DVD Release, StarVista Entertainment (Time/Life)< read all 1 reviews
Let’s get something straight right up front: regardless of what your proclivities for political correctness may be, THE DEAN MARTIN CELEBRITY ROASTS were “the” TV comic institution of the 1970’s so far as this reviewer is concerned. Culturally, there were all about a different time and a different place. Yes, some of what was said and/or what was lewdly hinted at and/or what was deliberately implied couldn’t, wouldn’t, and (possibly) shouldn’t occupy the airwaves today. I say “possibly” parenthetically because, in many respects, I don’t think that about everything. Certainly, anything branded “offensive” as part of Dino’s roasts doesn’t rise to the level of objection of, say, Janet Jackson’s bared breast, Madonna kissing Britney Spears, and Miley Cyrus twerking on short or fat people; but, if that floats your boat, then to each his own and put Dino’s version of these roasts back on the air and trash the current trend of bitter, jaded, comic hacks giving it their best on Comedy Central. At least Dino’s had some class … and booze.
(NOTE: The following review will contain minor spoilers necessary solely for the discussion of plot and characters. If you’re the type of reader who prefers a review entirely spoiler-free, then I’d encourage you to skip down to the last three paragraphs for my final assessment. If, however, you’re accepting of a few modest hints at ‘things to come,’ then read on …)
As I said above before I was so rudely interrupted by my own disclaimer, THE DEAN MARTIN CELEBRITY ROASTS were “the” TV comic institution of the 1970’s. Everyone who was legitimately funny – sometimes howlingly so – made an appearance at some time or another, and the only folks who were roasted were talented or public figures (from the era) who deserved such accolades. In fact, even in the 70’s these folks were “legendary”; that’s something the likes of which the current ‘roasts’ apparently no longer give a flying fig about given the fact that Roseanne Barr and James Franco have received treatment normally deserved for entertainment’s mythical figures.
And speaking of disclaimers? Good grief, they’re all over the place with this release (which makes this ‘old dog’ sad), warning viewers and potential viewers about the dangers of the language and the comedy. As I hope I’ve clearly indicated, I find so very much of these roasts gutt-busting fun. Some of the actors don’t appear as themselves but rather appear as ‘characters’ of their own creation for the purposes of sending up the honoree to even more curious heights. So many of them – Don Rickles, Jack Benny, Rich Little, Phyllis Diller – do appear as themselves because they’d been in the business long enough to have shared some memories and experiences with the objects of their affections, and what they contribute is nothing short of pure delight.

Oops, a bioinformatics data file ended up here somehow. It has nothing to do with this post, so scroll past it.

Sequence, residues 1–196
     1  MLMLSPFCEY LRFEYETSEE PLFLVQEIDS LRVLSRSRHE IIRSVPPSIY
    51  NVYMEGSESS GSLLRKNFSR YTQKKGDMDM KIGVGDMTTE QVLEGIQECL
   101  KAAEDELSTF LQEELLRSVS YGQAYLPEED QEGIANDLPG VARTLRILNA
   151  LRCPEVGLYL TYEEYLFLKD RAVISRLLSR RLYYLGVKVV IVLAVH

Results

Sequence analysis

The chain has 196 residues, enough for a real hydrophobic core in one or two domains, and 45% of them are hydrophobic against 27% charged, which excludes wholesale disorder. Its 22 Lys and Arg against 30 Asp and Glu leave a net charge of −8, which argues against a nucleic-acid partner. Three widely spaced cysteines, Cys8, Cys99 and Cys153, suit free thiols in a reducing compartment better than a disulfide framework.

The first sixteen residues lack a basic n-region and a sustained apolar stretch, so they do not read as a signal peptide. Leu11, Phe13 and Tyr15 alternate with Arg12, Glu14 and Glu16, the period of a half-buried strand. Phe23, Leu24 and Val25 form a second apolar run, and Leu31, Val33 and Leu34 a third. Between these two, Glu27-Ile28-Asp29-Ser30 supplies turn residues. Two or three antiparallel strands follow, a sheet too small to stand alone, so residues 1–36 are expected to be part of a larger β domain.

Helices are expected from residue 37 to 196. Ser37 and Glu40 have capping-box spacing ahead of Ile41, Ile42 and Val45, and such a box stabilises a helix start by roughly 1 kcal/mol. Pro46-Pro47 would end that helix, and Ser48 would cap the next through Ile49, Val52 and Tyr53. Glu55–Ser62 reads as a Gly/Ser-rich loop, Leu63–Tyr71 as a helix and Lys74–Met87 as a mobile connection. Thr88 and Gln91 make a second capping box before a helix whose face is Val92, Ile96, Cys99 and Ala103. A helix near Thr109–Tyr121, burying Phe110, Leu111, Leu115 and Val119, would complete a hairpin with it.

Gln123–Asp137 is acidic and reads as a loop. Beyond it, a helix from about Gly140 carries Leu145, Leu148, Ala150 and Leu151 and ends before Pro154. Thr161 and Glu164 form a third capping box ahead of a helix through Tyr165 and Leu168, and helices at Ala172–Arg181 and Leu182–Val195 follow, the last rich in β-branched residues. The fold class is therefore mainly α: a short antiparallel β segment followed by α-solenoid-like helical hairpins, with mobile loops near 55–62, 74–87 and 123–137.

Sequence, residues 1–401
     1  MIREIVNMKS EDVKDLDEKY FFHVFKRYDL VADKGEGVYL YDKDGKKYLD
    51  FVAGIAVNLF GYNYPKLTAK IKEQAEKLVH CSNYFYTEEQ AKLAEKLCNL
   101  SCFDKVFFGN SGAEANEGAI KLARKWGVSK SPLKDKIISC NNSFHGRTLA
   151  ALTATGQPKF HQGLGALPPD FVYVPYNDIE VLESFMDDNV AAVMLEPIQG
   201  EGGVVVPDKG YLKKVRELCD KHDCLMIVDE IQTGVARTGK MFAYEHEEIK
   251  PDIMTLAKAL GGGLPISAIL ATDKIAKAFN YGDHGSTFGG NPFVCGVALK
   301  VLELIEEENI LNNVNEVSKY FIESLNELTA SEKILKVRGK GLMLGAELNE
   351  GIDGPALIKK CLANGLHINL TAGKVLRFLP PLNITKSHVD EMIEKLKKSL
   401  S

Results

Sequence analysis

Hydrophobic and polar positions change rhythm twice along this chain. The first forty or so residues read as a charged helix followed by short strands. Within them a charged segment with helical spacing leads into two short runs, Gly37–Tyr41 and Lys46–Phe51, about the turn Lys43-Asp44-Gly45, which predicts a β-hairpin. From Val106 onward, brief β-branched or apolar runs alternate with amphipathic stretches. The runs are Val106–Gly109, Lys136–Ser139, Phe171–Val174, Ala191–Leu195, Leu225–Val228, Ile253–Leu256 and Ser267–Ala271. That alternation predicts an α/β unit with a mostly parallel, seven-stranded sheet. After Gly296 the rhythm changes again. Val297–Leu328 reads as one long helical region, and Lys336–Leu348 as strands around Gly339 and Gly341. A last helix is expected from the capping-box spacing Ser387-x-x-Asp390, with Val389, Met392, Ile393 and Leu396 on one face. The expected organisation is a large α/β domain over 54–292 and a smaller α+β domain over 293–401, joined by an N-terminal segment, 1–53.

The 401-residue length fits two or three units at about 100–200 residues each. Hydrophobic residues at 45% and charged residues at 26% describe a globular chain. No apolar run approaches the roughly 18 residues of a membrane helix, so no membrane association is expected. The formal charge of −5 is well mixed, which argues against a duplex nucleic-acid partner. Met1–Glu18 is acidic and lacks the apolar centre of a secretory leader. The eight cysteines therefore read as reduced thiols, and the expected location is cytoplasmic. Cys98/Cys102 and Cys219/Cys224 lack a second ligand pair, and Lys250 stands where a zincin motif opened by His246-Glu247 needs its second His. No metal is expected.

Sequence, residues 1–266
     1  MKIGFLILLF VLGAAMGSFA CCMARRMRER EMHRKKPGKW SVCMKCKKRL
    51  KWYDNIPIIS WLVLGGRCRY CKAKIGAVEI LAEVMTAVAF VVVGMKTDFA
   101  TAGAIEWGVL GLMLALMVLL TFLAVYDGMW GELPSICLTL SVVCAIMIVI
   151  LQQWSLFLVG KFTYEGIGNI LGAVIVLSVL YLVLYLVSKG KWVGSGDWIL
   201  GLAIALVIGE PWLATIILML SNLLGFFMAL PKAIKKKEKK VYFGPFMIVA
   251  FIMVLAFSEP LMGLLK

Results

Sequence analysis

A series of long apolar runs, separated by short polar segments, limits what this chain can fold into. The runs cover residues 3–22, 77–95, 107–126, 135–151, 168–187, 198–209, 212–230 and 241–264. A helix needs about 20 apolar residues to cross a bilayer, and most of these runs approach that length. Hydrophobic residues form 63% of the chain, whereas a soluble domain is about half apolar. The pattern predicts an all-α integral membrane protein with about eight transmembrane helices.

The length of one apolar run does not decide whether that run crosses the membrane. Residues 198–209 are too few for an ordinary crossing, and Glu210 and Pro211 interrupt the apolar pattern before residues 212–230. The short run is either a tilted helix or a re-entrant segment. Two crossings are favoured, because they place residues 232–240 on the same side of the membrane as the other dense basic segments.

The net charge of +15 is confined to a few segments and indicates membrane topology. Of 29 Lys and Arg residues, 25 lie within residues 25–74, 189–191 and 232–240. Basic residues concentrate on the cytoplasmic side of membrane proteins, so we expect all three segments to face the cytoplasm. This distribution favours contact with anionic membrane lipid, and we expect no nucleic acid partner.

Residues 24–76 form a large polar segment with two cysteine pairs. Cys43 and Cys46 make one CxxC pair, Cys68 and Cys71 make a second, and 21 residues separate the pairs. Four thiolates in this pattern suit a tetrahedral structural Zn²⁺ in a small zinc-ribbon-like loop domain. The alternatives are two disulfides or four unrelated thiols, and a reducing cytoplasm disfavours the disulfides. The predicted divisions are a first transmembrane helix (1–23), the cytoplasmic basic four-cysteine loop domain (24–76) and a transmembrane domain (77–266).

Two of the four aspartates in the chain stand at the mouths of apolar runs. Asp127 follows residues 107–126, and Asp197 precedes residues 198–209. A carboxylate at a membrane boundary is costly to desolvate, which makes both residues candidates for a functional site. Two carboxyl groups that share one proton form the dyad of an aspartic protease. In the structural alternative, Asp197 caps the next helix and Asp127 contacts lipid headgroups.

And, for the record, Dean Martin was always the perfect host for this whole affair. The man was a real mensch – a man’s man, and, so I’ve been told, easy on the eyes for the ladies in the audience. He’d sit there smoking and drinking having as much time dishing out the barbs as he had receiving them. Where else could you find (other than the master himself, Johnny Carson, who gets roasted brilliant here) such a more wonderful ‘host’ who made each and every participant (as well as each and every viewer) feel as if they were a special part of the action? His performance alone here IS the stuff of legend, and it’s no wonder these things lasted as long as they did, enjoying the ratings that they did.
Yes, yes, and yes: there are folks – snobs, PC wonks, and other dim bulbs – who are likely going to be offended by what they see and hear, but you know what? I don’t hear most of them complaining about the ‘blue ink’ occupying what accounts for so much of “comedy” today. Sure, we’re a vastly different culture today than what we were four decades ago – but can’t we all enjoy a laugh?
THE DEAN MARTIN CELEBRITY ROASTS: COLLECTOR’S EDITION is the release of StarVista Entertainment, a division of Time/Life Video. There are several releases – this set clocks in a 6 discs; there’s a single-disc for those interested; and the COMPLETE COLLECTION which sports a massive 25 discs as well as 15 hours of bonus materials and a 44-page collector’s book. As for the technical specifications, the video and audio are pretty solid given the fact that these have been in the vault for many years; there are some noticeable quirks, but the provided materials provide an explanation on what lengths producers went to to provide contemporary audiences with the best available versions. As for the special features, there are a handful of celebrity interviews of participants recalling their experiences, some bonus comedy sketches from Dean’s various programs, and three shorts that explore the foundation and the phenomenon of the ‘celebrity roast.’
HIGHEST RECOMMENDATION POSSIBLE. Yes, I watched them (well, I’m still working through them), and they’re a delight. I watched them when they aired originally, and it’s amazing how many laughs are packed into these hour-long shows. Of course, some of the material and references are more than a bit dated – no doubt younger viewers will find themselves at a loss from time to time – but much of the humor remains very universal. And this is talent, folks. These are geniuses at work, many times at the top of their game. Let ‘em play. You’ll be rewarded for your patience.
In the interests of fairness, I’m pleased to disclose that the fine folks at StarVista Entertainment (and their partner, Foundry Communications) provided me with a DVD copy of THE DEAN MARTIN CELEBRITY ROASTS: COLLECTOR’S EDITION by request for the expressed purposes of completing this review.
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